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Retail, Shopping and Crime: Manchester

ToolsHouseBased on a paper entitled Shopping and Crime in Manchester written by Dr Lesley Mackay and edited by Dr Caroline Davey. For a full copy of this paper, click here (Microsoft Word document, 269kb)


An issue which has been crucial to the regeneration of Manchester has been improving retail in the city, which depends upon a good quality public realm and vibrant streets. The case study looks at how these goals have been approached and investigates the relationship between shopping, crime and fear of crime in Manchester city centre. Strategies to reduce crime and fear are examined, and recommendations are provided for Manchester City Council and the city centre management company.


In order to understand the design and construction of the retail experience, the recent history of Manchester needs to be considered, along with influencing factors on the development of retail experience in the city. The case study will look at the impact of the city centre regeneration and the development of out-of-town shopping centres, along with the impact of these factors on shopping and crime. Also looked at are the influences and constraints on the City Council to shape retail. The City Council, police, retailers, initiatives to reduce crime and the design of the environment are discussed.


Twelve interviews were conducted with 13 key individuals and conversations took place with individuals from the public and private sector. These conversations were conducted with people from four groups influencing city centre shopping:

1)      Those who determine the physical environment i.e. designers, planners and officials.

2)      Those who maintain, monitor and secure the physical environment i.e. car park and toilet attendants, security staff, police and street cleaners.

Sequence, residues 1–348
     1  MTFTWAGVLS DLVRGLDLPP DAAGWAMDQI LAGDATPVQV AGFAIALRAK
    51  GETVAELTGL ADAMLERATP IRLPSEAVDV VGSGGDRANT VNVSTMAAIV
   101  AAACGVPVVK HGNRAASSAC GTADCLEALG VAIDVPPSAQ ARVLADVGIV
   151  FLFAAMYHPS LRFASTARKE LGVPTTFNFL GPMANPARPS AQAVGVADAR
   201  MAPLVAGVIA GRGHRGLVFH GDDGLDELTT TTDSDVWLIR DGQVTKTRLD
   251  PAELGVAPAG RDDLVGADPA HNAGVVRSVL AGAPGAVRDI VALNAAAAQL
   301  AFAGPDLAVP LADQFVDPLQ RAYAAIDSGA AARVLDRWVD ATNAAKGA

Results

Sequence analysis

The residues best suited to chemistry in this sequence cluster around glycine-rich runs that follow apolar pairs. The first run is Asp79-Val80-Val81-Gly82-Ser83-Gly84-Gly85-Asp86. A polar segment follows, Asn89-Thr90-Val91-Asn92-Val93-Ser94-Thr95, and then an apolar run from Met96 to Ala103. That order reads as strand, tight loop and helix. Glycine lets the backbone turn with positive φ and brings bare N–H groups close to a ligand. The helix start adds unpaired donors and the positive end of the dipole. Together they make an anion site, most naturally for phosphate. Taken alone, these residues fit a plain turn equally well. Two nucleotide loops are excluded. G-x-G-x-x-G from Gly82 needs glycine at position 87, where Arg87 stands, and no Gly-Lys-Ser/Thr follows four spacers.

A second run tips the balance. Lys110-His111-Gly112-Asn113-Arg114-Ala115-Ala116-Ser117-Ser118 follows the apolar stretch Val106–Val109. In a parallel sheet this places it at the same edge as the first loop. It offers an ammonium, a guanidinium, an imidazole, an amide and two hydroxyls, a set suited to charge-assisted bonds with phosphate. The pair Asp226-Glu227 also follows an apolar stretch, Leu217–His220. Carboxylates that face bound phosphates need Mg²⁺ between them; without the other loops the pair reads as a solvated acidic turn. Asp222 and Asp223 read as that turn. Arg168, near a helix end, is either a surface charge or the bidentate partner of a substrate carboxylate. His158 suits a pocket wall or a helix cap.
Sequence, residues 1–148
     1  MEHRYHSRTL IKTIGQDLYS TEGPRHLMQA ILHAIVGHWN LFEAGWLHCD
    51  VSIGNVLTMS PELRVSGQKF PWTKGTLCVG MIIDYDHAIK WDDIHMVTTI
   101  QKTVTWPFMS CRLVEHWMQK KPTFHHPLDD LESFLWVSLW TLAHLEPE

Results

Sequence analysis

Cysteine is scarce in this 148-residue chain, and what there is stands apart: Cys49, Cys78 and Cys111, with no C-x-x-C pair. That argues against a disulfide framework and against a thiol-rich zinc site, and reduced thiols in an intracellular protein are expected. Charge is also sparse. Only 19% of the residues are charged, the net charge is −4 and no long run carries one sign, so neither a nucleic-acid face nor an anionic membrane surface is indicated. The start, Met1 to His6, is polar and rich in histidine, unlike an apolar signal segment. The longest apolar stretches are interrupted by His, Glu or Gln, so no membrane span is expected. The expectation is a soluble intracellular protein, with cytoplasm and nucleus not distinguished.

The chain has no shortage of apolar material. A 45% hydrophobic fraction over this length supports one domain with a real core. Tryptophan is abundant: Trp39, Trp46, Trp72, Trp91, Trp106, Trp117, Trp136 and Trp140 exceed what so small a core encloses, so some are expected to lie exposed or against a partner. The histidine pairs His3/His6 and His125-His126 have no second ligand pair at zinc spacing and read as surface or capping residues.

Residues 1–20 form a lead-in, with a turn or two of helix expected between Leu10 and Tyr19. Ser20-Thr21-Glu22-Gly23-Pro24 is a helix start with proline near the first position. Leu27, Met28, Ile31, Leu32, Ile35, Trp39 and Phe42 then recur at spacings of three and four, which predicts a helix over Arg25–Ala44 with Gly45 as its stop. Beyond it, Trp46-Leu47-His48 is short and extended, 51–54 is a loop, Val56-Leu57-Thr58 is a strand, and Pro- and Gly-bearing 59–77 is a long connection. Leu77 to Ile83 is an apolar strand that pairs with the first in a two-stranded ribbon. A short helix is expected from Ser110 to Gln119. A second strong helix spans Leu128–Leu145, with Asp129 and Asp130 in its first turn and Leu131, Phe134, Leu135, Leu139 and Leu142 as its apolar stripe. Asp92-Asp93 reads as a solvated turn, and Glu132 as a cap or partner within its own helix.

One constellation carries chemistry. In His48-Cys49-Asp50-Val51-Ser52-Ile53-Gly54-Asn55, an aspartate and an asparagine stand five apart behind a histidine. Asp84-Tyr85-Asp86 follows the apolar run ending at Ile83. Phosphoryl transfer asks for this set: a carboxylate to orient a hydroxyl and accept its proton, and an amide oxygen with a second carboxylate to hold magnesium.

3)      Retail workers

4)      Those who are economically involved but not formally employed, i.e. Big Issue sales people, buskers and beggars.

Researchers also attended local events, conferences and presentations. Observations were conducted in the city centre, including patterns of ATM use throughout the day. Literature reviews were conducted, websites were consulted and archive searchers were undertaken as part of background research.


The shopping experience is integral to the city of Manchester, attracting visitors from around the world. Successful high profile regeneration has taken place in recent years, and this has been closely linked with crime, fear of crime and the shopping experience. A good shopping environment is dependent on a healthy local economy and a Council with good resources. The IRA Bombing of Manchester city centre in 1996 has greatly influenced the regeneration efforts of the city in subsequent years.WP3 - Man

Supplementary Planning Guidance has emerged as a key document in the regeneration of Manchester. Outlining an environment which is attractive for all users of the city centre, the guidance suggested strengthening the retail and business sectors, providing new investment opportunities and a diverse city centre offer. Manchester began to aspire to be a European-style city, with a theme of safety and reassurance for the users. The case study identified a downplaying of crime in the City Council regeneration documentation, but did find implicit goals for crime and fear of crime reduction.